It is striking how much the Oppo Watch resembles the Apple Watch. With its rectangular watch case and curved corners, this smartwatch will make many do a double take when they realise it runs on Google’s Wear OS smartwatch operating system.
It comes in two sizes – 41mm and 46mm (version tested) – and in gold, black and silver (41mm only).
The left side of its aluminium watch case houses the speakers, similar to the Apple Watch, while the right side has two slim buttons. It has no rotating crown, which the Apple Watch has.
At the back are two push buttons for releasing the watch straps – again similar to the Apple Watch.
With the Apple Watch, you have to slide the strap sideways to remove it after pressing the release button. With the Oppo Watch, you just pull the strap and it comes out easily.
The 46mm model is said to have the world’s first flexible dual-curved Amoled display on a smartwatch, with a screen size of 1.91 inches.
The display looks sleek and curves nicely to its sides. It also looks sharp with nice contrasting colours. Swiping and tapping feel smooth and responsive.
If you have been using a Wear OS smartwatch, you will be familiar with its gestures and swipes.
For example, swiping right from the left side of the screen brings up Google Assistant, while swiping upwards brings up current notifications.
But there are some differences in Oppo’s Wear OS to take into account its rectangular watch face.
For instance, instead of the usual line-by-line app arrangement, apps are organised in a 3×3 grid, which lets you see more apps at a glance.
Notifications from different apps offer contextual actions, while you can respond to any message with quick replies by typing, scribbling or dictation.
On the fitness front, the Oppo Watch offers all-day heart-rate monitoring, as well as physical activity and sleep tracking.
In terms of step tracking, it tracks 5 per cent more steps than my calibrated Apple Watch Series 4.
For sleep tracking, the Oppo Watch is supposed to track the length of time you are awake, in light and deep sleep. However, it does not record when I wake up for toilet breaks.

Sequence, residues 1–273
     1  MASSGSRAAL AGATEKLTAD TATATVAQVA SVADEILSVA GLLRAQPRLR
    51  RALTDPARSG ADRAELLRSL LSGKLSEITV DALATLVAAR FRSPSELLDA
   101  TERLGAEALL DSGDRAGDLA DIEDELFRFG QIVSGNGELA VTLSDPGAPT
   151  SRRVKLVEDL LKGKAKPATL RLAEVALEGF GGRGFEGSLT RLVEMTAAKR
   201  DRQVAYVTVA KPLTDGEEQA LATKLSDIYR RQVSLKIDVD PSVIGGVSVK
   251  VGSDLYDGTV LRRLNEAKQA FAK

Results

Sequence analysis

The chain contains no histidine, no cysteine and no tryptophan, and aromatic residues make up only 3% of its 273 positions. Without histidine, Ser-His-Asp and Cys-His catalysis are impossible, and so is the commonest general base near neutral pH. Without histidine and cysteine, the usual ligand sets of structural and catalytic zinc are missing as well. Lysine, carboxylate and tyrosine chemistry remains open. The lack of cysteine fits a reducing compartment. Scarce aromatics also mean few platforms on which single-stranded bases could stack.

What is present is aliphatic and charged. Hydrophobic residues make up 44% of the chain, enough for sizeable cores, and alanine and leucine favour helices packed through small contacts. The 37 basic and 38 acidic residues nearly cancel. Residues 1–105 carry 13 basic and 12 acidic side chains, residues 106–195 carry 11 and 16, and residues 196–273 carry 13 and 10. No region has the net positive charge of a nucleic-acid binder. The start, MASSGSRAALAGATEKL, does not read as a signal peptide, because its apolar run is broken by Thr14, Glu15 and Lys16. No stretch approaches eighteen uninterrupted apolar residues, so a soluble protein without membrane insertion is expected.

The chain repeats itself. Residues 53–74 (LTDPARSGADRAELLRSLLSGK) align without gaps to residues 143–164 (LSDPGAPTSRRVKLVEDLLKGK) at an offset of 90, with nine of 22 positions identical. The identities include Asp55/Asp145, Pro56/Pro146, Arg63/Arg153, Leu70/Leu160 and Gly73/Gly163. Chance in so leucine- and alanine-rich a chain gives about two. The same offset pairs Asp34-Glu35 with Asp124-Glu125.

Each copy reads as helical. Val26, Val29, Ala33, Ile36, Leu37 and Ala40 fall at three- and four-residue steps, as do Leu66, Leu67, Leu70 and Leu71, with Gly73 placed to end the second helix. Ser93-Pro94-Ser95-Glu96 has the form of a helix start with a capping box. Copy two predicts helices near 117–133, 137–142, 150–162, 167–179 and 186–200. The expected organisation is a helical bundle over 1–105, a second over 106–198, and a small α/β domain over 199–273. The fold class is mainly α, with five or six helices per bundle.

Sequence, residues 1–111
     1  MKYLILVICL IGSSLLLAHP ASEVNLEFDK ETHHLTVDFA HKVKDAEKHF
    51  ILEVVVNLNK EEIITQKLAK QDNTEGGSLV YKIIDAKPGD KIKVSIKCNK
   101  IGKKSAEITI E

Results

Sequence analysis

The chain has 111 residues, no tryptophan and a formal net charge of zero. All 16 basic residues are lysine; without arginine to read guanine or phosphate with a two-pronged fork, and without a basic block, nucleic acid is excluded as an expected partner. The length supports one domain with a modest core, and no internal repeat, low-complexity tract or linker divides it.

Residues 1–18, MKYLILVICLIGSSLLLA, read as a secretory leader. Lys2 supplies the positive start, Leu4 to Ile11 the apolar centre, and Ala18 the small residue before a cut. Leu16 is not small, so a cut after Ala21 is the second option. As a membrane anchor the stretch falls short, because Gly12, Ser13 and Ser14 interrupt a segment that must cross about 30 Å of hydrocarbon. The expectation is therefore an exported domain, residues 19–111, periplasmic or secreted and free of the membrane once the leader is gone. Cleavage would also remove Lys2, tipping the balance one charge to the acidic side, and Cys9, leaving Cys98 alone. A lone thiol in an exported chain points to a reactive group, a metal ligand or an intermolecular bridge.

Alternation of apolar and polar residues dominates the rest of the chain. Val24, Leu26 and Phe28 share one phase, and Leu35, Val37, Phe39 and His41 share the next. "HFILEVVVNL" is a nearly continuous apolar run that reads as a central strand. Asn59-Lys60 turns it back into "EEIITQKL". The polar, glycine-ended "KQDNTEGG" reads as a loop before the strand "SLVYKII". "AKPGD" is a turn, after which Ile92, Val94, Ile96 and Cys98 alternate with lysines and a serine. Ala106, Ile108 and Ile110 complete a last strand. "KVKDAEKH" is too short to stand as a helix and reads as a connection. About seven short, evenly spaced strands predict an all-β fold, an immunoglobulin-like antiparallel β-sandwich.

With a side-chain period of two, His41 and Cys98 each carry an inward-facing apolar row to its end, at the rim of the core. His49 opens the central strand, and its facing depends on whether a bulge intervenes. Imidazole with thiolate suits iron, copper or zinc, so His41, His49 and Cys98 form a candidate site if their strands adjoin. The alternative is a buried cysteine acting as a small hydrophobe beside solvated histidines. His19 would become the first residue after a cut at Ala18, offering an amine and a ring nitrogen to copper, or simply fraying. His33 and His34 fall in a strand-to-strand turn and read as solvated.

And, strangely, the sleep tracking function works only between 8pm and 10am, so your weekend sleep-ins may not be properly tracked.
The Oppo Watch features a unique dual-chip system, with Qualcomm’s Snapdragon Wear 3100 used for smartwatch functions and Ambiq Micro’s Apollo3 Wireless SoC for the power saver mode.
Battery life is rated at 36 hours in smartwatch mode and up to 21 days in power saver mode.
In my test, battery life drops to 58 per cent at the end of a work day. As such, I find myself worrying whether there will be enough juice left for the next day if I wear it to sleep without recharging it.
While you can switch on the power saver mode to just tell time, it defeats the purpose of having a smartwatch.
This article contains affiliate links. If you buy through these links, we may earn a small commission.
SPH Digital News / Copyright © 2020 Singapore Press Holdings Ltd. Co. Regn. No. 198402868E. All rights reserved
We have been experiencing some problems with subscriber log-ins and apologise for the inconvenience caused. Until we resolve the issues, subscribers need not log in to access ST Digital articles. But a log-in is still required for our PDFs.
Smartwatch, Oppo, Vivo, Apple
World news – THAT – Sleek smartwatch for Android users